Impact of trade liberalization on agric unacceptable - Minister
Accra, June 30, GNA - Government is intensifying efforts to address the problems in the agriculture sector due to the impact of trade liberalization, Mr Kwadwo Affram Asiedu, Deputy Minister of Trade and Industry, said on Thursday.
"This is unacceptable. Government has, therefore, intensified its efforts at addressing the situation," he said.
The Deputy Minister said this at a day's workshop on the surge of imports organized by Action Aid International, Ghana, in Accra. The workshop was aimed at identifying the occurrence of import surges on the local market and industry and their effects on agriculture growth potential and food security.
It was also to analyse the phenomenon of import surges, including rapidly rising imports, in order to develop a critical mass of empirical evidence on the nature and scope of the problem and make substantial approaches, to inform the debate on trade remedy measures in the context of World Trade Organization (WTO) agreement.
Import surges occur when the volume or value of imports increases in a period of time over its normal level to the extent that it is considered excessive according to some predetermined criteria.
Mr Asiedu said there was no doubt that agriculture held the nation's economy, contributing nearly 40 per cent to Gross Domestic Product (GDP), 35 per cent to foreign exchange earnings and 60 per cent to employment. Over 80 per cent of the rural populace have their main livelihood activities centred on agriculture.
Unfortunately the sector was plagued with poverty, the Deputy Minister said, adding that the sector should aim at reducing poverty, equity development and how to make it vibrant in the face of challenges posed by globalisation and trade liberalization.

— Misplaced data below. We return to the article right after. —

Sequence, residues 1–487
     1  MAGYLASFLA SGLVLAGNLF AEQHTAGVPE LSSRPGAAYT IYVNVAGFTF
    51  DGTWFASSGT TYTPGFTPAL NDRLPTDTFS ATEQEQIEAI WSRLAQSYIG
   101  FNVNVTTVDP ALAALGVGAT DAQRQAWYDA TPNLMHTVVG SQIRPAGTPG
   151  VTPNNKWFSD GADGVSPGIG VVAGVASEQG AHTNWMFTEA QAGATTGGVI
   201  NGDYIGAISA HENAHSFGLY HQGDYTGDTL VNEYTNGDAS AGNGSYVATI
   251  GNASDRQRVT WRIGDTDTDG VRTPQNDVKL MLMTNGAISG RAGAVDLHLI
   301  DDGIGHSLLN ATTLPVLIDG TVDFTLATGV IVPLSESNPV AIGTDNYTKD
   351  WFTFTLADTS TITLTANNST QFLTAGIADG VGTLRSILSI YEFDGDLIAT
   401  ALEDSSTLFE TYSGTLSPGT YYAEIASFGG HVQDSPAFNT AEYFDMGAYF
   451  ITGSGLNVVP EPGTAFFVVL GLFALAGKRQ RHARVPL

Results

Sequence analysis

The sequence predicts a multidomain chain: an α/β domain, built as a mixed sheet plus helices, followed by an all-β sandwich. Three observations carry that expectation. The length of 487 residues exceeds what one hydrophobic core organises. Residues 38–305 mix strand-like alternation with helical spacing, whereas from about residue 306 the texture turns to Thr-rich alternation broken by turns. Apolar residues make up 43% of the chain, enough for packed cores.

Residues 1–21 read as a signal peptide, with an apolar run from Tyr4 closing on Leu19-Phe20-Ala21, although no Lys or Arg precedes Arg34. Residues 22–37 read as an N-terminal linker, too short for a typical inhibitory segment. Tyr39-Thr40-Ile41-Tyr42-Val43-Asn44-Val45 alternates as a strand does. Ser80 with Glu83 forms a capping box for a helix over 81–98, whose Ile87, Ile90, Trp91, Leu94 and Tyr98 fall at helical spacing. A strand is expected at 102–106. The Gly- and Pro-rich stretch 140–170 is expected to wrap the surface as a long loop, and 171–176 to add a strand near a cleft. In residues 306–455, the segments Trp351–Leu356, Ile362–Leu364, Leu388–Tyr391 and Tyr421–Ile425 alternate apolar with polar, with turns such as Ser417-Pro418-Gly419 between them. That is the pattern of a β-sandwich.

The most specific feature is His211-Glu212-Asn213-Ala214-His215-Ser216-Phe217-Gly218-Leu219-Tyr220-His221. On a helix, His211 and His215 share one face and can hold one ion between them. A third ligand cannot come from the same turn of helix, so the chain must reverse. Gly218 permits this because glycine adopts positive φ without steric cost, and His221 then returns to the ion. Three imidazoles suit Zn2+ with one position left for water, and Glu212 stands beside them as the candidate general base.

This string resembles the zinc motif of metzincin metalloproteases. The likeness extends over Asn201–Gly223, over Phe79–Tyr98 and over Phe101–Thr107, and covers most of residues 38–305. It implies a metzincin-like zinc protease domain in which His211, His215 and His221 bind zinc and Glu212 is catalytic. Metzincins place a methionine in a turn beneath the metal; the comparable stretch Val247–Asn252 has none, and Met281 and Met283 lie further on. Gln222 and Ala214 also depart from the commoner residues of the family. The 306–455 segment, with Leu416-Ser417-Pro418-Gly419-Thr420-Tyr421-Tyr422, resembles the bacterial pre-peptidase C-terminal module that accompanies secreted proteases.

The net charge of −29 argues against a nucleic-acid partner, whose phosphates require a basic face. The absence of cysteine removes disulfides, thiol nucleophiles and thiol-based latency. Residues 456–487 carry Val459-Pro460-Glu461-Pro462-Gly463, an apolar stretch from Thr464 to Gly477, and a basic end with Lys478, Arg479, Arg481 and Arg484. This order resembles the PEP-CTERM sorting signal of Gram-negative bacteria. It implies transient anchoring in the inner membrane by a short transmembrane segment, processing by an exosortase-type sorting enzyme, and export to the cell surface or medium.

Mr Asiedu said the inability of governments in poor countries to compete with rich countries in providing subsidies had resulted in cheap subsidized products flooding the markets.
He noted that it was not surprising that food trade balance for the country had fallen from a favourable balance of over 642.38 million dollars in 1980 to a negative level of 52.2 million dollars. The woes of the Sector, Mr Asiedu said, could not be wished away and expressed the hope that the vibrant but suffocating Sector would be resuscitated.
Mrs Anna Antwi, Agriculture and Food Security Coordinator of Action Aid, said food import had affected many sectors of the economy and there was the need to show how much the country had been affected.
She said Action Aid was collaborating with the UN Food and Agriculture Organization (FAO) to carry out studies on the extent and impact of food surges in different countries with funding from UK Department for International Development (DFID).
The two organisations, she said, were doing the same study using different approaches. FAO would use the quantitative method while Action Aid would be looking at the qualitative methods in the areas of food security, livelihood and poverty levels mindful that food was a human right issue.
The first phase of the project would be used for advocacy to the Sixth Ministerial Meeting in December and select a commodity for in-depth study next year.